Benign Breast Disorders & Cancer
Breast Cancer
General Surgery
Wholistic care

Prophylactic Mastectomy

Mastectomy, or removal of the breast, may be performed as a therapeutic or preventive mode of treatment. Therapeutic mastectomy is done to treat breast ailments (benign or malignant). The procedure performed to reduce the consequent risk of developing malignancy by removing “normal” breasts is known as a “risk reduction” or “prophylactic” or “preventive” mastectomy.

Unlike the various types of mastectomy (radical, simple/total, skin-sparing and nipple-sparing/subcutaneous) which are based on the type of mastectomy surgical technique, these procedures are unique in the sense that depicts the reason for the mastectomy to be performed.

Risk Reduction Mastectomy (RRM)

Prophylactic or risk-reduction mastectomy is performed to prevent or minimize the risk of breast cancer in women who are at high risk of developing the disease. Usually, risk reduction mastectomy is followed by breast reconstruction.

What alternatives to surgery exist for preventing or reducing the risk of breast cancer in women at high risk?

Routine breast examination by the doctor and advanced imaging modalities such as mammography and breast MRI are considered various alternatives to surgery in screening and preventing breast cancer at its early stage. Certain medications are proven to reduce the possibilities of getting breast cancer in women at high risk for the disease. These measures aim at early detection of breast cancer.

How effective is risk reduction mastectomy in preventing or reducing the risk of breast cancer?

Recent survey indicates that risk reduction mastectomy significantly reduces the chance of developing breast cancer in moderate and high-risk women. This reduces the risk in women with an elevated risk down to a level well below that of an average woman.

Why would a woman consider undergoing bilateral prophylactic mastectomy (BPM)?

Bilateral prophylactic mastectomy (BPM) is a procedure done to decrease the risk of breast cancer in women at high risk of breast cancer. The following factors contribute to the potential risk of developing breast cancer in a woman:

  • Positive genetic test results for mutations of BRCA1 and BRCA2 indicate higher risk of breast cancer in a woman.
  • Strong family history of breast cancer is a factor.
  • Lobular carcinoma in situ (LCIS) is considered a risk factor for development of breast cancer.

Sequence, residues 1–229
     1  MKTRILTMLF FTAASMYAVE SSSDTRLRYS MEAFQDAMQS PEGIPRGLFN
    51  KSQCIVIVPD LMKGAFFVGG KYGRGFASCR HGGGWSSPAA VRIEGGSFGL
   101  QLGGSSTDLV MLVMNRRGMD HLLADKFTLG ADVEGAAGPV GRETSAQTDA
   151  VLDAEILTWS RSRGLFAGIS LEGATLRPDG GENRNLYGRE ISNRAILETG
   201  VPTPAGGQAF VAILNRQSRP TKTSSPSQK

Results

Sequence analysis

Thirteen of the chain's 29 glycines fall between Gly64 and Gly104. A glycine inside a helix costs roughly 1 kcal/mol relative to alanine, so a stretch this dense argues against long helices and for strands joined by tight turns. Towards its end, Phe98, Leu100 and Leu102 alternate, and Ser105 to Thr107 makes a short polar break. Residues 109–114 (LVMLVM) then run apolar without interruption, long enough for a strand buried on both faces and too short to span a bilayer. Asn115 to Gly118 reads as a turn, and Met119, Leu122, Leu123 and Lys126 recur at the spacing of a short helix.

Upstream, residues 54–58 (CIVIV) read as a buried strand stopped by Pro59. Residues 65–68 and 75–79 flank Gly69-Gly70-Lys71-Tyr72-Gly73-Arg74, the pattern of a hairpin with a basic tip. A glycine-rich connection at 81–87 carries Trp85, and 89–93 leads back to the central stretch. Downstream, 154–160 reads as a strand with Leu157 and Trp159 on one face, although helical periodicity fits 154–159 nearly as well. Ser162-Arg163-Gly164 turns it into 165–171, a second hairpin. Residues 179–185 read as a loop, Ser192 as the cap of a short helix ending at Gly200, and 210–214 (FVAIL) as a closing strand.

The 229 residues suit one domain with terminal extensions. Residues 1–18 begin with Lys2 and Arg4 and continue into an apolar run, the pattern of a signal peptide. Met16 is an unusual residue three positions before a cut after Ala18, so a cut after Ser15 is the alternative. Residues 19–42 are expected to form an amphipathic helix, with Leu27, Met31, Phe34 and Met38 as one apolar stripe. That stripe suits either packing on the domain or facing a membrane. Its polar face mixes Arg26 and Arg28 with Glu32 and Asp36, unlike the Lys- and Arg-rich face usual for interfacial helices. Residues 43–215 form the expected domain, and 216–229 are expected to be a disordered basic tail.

• History of previous radiation therapy to the chest (including the breasts) before age 35 poses an increased risk of developing breast cancer.

Cosmetic Outcome

The final cosmetic outcome and post-operative morbidity are the two major factors considered when a woman decides to undergo risk reduction mastectomy.

Contralateral Prophylactic Mastectomy (CPM):

Contralateral Prophylactic Mastectomy (CPM) is the surgical removal of a non-affected breast in a woman with unilateral breast cancer.


  1. To reduce contralateral breast cancer risk in high-risk patients.
  2. For patients in whom surveillance with mammograms or ultrasound is difficult because of dense breast tissue or diffuse indeterminate calcifications.
  3. To improve symmetry in patients undergoing reconstruction for tumour or to maintain balance in women undergoing unilateral mastectomy.

The increase in the CPM rate is especially concerning among women with early-stage breast cancer who have a minimal risk for developing contralateral breast cancer. Treatment factors, such as immediate reconstruction, preoperative MRI, and unsuccessful attempts at breast conservation, possibly are associated with increased rates of CPM.

At the time of diagnosis, many breast cancer patients lack the knowledge and information needed to make informed decisions about treatment. The physicians communicate with patients regarding treatment options and ensure that the associated risks and complications are discussed before the surgery.

Australian Medical Association Health Sydney Local Health District THE UNIVERSITY OF SYDNEY BreastSurgANZ Royal Australasian College of Surgeons General Sergeons Australia Daisi Specialist Hub